I love creative therapy activities. Tapping into the client’s imagination is such an awesome tool. Kids, of course, have varying levels of comfort with different expressive therapies, and I never want them to feel pressured to engage in something that is not a good fit. That’s why I try to keep several options available.
Poetry is a fantastic creative outlet and can help clients explore their experiences and emotions using words. Sometimes, a client seems like they could benefit from this type of intervention, but they aren’t sure where to start. They may be unfamiliar with creative writing or struggle to come up with their own words.
This is where magnet poetry comes in. You craft a poem from a complied list of words available. You and the client can work together to make a poem (either by choosing each word jointly or by taking turns deciding which word will go next), or they can create something independently.
For telehealth, I have two methods that I use for this intervention, depending on the options available to the client. If you are able to share links and have the client join you on a website, PlayingCards.IO has a magnet poetry game that is very easy to use. Simply create a room, share the link with your client, and the two of you can simultaneously manipulate the space.
If your client is unable to access a website from their device, you can use Magnet Poetry’s website, share your screen, and grant your client remote control. One great thing about Magnet Poetry is that they have several different “packages” that you can select, so you can get words that are developmentally appropriate or specific to your client’s interests. If your client cannot access remote control on their device, or your telehealth platform does not have this option, you can still screen share and create a poem with your client instructing you.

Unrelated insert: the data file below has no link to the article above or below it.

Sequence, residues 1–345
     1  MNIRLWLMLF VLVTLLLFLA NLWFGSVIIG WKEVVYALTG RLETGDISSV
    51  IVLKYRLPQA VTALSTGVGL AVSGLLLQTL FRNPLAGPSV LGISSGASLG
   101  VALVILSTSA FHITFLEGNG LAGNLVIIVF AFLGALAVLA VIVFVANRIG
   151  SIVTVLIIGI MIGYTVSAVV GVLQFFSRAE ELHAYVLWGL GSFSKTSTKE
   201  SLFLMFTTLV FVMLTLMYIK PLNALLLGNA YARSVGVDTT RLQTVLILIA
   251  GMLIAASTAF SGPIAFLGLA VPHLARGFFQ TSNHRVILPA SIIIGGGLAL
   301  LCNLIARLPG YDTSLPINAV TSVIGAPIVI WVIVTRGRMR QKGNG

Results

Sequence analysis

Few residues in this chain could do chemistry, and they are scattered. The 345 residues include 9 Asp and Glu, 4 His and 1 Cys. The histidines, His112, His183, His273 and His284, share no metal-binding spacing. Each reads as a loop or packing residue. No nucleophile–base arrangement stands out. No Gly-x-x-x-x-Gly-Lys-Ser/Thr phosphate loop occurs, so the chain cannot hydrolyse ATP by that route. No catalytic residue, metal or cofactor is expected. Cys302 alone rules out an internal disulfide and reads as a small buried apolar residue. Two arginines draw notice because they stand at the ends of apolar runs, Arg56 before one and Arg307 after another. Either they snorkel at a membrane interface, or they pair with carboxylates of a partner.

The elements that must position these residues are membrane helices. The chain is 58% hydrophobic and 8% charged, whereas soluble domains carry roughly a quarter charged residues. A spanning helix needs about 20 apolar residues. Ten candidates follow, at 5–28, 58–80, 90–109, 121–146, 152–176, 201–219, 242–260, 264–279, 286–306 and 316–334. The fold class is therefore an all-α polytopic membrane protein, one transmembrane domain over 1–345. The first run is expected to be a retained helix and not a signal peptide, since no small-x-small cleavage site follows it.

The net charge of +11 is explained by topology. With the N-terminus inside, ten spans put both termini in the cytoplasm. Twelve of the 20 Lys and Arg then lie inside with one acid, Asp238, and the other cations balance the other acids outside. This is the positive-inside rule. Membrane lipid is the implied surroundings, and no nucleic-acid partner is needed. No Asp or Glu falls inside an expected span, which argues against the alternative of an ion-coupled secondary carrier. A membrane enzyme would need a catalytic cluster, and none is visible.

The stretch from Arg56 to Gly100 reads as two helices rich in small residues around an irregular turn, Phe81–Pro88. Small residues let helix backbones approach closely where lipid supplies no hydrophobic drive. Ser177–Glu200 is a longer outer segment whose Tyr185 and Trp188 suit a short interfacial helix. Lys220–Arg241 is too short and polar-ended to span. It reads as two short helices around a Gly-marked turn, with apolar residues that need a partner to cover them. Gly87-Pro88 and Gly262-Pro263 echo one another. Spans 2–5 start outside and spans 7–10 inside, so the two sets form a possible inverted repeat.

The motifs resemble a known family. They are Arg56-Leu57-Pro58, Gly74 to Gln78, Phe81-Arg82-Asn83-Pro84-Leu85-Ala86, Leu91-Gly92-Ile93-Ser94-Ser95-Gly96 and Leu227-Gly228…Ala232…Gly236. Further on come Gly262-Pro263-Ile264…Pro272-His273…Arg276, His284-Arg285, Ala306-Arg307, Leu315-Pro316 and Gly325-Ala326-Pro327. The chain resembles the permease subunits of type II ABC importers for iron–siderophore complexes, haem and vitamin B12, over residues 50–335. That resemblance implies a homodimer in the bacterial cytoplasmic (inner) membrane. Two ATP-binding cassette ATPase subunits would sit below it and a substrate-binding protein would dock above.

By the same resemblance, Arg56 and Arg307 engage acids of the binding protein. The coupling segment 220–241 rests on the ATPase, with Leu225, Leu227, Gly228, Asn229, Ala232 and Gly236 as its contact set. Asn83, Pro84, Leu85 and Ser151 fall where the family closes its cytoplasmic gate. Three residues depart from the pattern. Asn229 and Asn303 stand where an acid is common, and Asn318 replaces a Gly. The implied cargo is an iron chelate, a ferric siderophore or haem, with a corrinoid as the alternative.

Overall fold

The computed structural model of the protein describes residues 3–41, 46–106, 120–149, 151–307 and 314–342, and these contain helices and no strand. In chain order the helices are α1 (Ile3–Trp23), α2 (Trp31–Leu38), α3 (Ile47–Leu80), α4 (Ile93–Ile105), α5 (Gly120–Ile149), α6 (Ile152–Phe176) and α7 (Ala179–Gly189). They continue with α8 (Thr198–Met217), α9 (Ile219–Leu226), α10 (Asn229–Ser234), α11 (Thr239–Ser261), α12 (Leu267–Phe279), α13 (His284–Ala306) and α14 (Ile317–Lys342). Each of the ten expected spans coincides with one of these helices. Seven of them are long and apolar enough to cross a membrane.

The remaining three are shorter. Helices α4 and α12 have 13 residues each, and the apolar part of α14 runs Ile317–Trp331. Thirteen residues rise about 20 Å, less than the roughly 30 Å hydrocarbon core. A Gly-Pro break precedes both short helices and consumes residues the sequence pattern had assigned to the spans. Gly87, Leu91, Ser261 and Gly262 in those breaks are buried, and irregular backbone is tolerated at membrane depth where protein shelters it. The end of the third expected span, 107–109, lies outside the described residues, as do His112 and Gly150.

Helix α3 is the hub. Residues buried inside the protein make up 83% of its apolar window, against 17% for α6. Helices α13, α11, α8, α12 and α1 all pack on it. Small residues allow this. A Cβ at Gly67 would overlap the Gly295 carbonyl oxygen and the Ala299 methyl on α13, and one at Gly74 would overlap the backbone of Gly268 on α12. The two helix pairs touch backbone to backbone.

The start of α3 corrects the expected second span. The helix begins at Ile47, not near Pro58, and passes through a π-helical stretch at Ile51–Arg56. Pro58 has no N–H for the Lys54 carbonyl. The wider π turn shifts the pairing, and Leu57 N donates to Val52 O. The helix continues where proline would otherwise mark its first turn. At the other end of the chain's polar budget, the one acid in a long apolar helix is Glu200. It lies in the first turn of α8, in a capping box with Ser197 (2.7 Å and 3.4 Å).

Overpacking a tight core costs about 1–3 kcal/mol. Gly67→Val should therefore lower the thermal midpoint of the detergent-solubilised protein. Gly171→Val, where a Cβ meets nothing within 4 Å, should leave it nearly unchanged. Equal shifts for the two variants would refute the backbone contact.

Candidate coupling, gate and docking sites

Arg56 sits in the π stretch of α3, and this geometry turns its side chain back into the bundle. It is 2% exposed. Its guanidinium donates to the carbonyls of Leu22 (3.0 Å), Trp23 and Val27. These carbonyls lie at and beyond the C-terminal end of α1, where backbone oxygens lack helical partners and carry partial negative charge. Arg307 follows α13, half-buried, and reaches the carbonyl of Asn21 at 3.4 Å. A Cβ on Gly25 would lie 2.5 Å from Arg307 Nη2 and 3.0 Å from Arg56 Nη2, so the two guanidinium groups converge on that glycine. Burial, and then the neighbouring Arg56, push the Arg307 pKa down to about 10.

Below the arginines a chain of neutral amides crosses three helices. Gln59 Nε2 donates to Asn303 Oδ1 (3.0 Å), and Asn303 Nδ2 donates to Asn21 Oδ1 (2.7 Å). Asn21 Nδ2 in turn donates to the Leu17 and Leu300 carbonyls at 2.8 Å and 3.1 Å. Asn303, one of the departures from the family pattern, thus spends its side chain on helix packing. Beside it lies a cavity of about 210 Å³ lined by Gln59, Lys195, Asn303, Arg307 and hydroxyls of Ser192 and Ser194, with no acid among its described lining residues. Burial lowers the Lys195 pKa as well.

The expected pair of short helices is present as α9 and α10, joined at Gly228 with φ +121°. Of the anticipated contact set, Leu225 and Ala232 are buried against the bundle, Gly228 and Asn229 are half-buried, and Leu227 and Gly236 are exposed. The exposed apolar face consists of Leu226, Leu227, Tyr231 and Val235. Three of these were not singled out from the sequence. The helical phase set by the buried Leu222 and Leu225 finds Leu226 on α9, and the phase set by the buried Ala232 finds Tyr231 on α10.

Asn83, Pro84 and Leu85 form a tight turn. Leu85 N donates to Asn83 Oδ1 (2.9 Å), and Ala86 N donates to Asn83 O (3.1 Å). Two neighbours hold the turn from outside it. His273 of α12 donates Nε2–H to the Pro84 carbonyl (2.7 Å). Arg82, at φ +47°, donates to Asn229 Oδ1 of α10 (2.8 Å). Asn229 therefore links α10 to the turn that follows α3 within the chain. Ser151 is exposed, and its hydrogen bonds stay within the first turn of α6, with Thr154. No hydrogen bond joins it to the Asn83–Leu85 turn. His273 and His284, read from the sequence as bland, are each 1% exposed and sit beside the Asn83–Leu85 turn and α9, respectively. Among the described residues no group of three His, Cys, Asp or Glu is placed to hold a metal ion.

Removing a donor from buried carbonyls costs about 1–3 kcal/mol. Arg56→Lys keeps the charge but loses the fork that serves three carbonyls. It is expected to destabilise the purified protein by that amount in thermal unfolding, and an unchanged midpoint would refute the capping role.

Of course, there are benefits and limitations to both approaches. By sharing the room on PlayingCards, you can both interact with the space at the same time. This can get complicated if you are trying to move the same piece simultaneously, though. On the other hand, Magnet Poetry requires taking turns and more communication between the client and therapist, which is of course beneficial for building these skills, but it could potentially interfere with the client’s process as they craft their poem.
Whichever platform works best for you, this is another great expressive therapy you can do via telehealth.